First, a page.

"We feel this modest rise is the right thing to do to protect valuable services," Mr Lowry said.
Cllr Lowry said he had agreed with Cllr Mark Coker, the Cabinet member for transport, to freeze city centre parking charges for the next financial year.
"I have decided to do that to support business and life in the city centre," Cllr Coker said.
He declined to say whether any changes were likely in parking charges outside the city centre.
COUNCIL TAX IMPACT
CITY finance chief Cllr Mark Lowry has given examples of how the changes in benefits and council tax will affect residents.
Those on Jobseeker's Allowance, who now pay nothing will have to find £3.61 a week.
A couple with two children, who earn £475 a week and live in a Band B house, will see their council tax bill rise by £2.43 a week.
A benefit claimant with savings over £6,000 and living in a Band C home will have to pay an extra £3.79 a week.
A two per cent council tax increase will mean:
32p a week extra (£16.64 per year) for Plymouth's 46,000 Band A taxpayers
Band B: (31,000 homes) will pay 37p a week extra.
Band C: (21,800) 43p
Band D: (8,922) 48p
Band E: (4,539) 59p
Band F: (1,673) 69p
Band G: (578) 80p
Band H: (59) 96p – or £49.92 per year
PLYMOUTH IS BEING OVERLOOKED
THE Government's benefits squeeze will be used to pay for major building schemes, says city finance chief Cllr Mark Lowry.
Cllr Lowry, the Cabinet member for finance, said the Government was setting aside a £5.5billion infrastructure fund.
"You won't be surprised to learn that Plymouth will be worse off because we have to contribute some two per cent, or £4million, of our budget from April 2014 to support the Chancellor's new infrastructure fund. Sadly none of this will be spent around Plymouth. Once again the city is being overlooked."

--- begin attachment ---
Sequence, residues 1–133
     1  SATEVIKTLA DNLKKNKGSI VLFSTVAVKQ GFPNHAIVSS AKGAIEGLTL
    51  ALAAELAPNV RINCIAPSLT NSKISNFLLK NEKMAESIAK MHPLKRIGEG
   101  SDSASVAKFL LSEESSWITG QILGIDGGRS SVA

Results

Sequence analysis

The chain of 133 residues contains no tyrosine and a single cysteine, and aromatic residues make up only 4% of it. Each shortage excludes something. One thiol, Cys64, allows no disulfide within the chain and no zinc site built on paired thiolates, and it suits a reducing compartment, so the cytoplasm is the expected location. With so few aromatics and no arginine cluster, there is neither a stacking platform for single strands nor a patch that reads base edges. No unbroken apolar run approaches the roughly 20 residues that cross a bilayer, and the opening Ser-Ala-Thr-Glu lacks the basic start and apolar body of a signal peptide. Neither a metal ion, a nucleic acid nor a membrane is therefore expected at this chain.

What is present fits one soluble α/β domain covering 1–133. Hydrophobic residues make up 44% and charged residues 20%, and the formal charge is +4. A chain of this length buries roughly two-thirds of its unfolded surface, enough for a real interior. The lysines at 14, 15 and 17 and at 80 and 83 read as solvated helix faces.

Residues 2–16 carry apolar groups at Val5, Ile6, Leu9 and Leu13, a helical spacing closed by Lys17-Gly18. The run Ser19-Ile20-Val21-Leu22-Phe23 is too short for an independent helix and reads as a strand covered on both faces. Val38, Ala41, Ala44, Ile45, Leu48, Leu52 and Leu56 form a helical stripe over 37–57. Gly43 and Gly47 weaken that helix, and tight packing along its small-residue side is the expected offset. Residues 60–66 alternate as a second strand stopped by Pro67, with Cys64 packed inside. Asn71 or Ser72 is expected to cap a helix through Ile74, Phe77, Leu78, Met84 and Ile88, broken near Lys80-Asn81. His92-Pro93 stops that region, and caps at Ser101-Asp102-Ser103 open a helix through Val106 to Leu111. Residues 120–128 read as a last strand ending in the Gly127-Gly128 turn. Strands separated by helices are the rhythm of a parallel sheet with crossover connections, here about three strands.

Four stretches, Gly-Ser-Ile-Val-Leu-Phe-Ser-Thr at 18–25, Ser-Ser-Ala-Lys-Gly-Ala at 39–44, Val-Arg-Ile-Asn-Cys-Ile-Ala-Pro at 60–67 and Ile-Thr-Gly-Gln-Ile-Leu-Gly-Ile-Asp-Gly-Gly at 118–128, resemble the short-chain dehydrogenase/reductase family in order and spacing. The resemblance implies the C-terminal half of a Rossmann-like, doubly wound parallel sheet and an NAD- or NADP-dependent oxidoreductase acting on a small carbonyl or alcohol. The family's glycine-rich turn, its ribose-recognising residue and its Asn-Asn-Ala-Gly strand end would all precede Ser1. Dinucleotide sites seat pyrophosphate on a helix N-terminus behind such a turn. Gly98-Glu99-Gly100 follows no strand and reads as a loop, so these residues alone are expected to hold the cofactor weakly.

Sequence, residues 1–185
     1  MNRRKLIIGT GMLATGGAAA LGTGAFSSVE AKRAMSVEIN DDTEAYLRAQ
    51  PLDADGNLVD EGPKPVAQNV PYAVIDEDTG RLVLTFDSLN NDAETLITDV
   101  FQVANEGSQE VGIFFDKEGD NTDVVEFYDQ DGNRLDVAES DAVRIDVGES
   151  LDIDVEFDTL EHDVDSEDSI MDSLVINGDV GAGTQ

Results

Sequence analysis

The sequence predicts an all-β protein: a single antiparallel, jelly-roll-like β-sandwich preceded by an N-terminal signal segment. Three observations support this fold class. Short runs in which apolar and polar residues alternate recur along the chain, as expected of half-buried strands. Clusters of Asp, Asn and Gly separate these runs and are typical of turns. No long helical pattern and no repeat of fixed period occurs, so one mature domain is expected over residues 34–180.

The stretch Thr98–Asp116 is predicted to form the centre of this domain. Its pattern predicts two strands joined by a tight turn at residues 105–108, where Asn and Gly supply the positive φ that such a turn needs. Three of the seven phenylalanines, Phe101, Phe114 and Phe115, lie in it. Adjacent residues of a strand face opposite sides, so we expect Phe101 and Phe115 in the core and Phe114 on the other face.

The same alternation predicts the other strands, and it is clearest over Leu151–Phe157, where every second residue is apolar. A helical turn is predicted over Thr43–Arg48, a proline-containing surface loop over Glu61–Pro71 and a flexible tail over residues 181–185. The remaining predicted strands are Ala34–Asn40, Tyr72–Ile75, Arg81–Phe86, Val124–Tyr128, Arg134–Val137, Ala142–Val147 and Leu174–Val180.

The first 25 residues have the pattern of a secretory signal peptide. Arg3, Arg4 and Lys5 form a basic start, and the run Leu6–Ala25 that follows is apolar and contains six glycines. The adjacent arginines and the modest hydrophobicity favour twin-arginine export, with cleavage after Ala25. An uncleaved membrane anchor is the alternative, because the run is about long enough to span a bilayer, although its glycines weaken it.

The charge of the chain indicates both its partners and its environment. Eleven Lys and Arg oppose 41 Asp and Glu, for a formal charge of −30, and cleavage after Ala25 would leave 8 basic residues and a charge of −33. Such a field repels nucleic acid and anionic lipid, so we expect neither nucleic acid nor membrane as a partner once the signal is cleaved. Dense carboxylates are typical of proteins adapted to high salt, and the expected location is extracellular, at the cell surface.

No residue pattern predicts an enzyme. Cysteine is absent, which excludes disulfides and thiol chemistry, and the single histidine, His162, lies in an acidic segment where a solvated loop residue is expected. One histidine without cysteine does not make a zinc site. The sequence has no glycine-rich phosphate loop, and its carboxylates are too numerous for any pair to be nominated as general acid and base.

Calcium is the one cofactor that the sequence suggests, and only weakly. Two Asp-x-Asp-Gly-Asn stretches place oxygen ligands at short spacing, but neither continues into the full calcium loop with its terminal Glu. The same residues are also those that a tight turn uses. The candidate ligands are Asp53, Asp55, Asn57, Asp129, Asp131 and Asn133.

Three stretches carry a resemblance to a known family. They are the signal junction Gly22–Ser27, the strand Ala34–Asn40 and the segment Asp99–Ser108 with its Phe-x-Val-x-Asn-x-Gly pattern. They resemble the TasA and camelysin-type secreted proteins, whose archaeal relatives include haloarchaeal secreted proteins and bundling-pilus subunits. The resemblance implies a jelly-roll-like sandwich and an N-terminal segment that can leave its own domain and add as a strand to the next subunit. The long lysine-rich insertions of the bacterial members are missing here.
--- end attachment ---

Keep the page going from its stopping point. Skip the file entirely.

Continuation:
And Cllr Mark Coker, the Cabinet member for transport, said: "It's about time the Government was fair to Plymouth."
Cllr Coker is travelling to London tomorrow for talks with the Secretary of State for Transport. The talks will centre on the stalled bidding process for the Great Western rail franchise.
Cllr Coker has put in bids for nine major transport schemes to the Heart of the South West local transport body.
He told a meeting of the city's Cabinet yesterday that after the change of government in 2010 an allocation of £77.2million for the Eastern Corridor high quality public transport scheme and £72million for the Northern Corridor high quality public transport scheme had been withdrawn.
Instead, the Government was allocating about £40million for projects across the local enterprise partnership area up to 2018/19.
Plymouth City Council is putting in bids worth £57million in total for nine projects: Forder Valley link road; Forder Valley road widening; Woolwell to the widening; Cattedown, Woolwell and Derriford roundabouts (conversion to signalised junctions); Marjon link road; Pomphlett roundabout to The Ride improvements including a signalised junction; Union Street – Octagon to Derry's Cross improvements.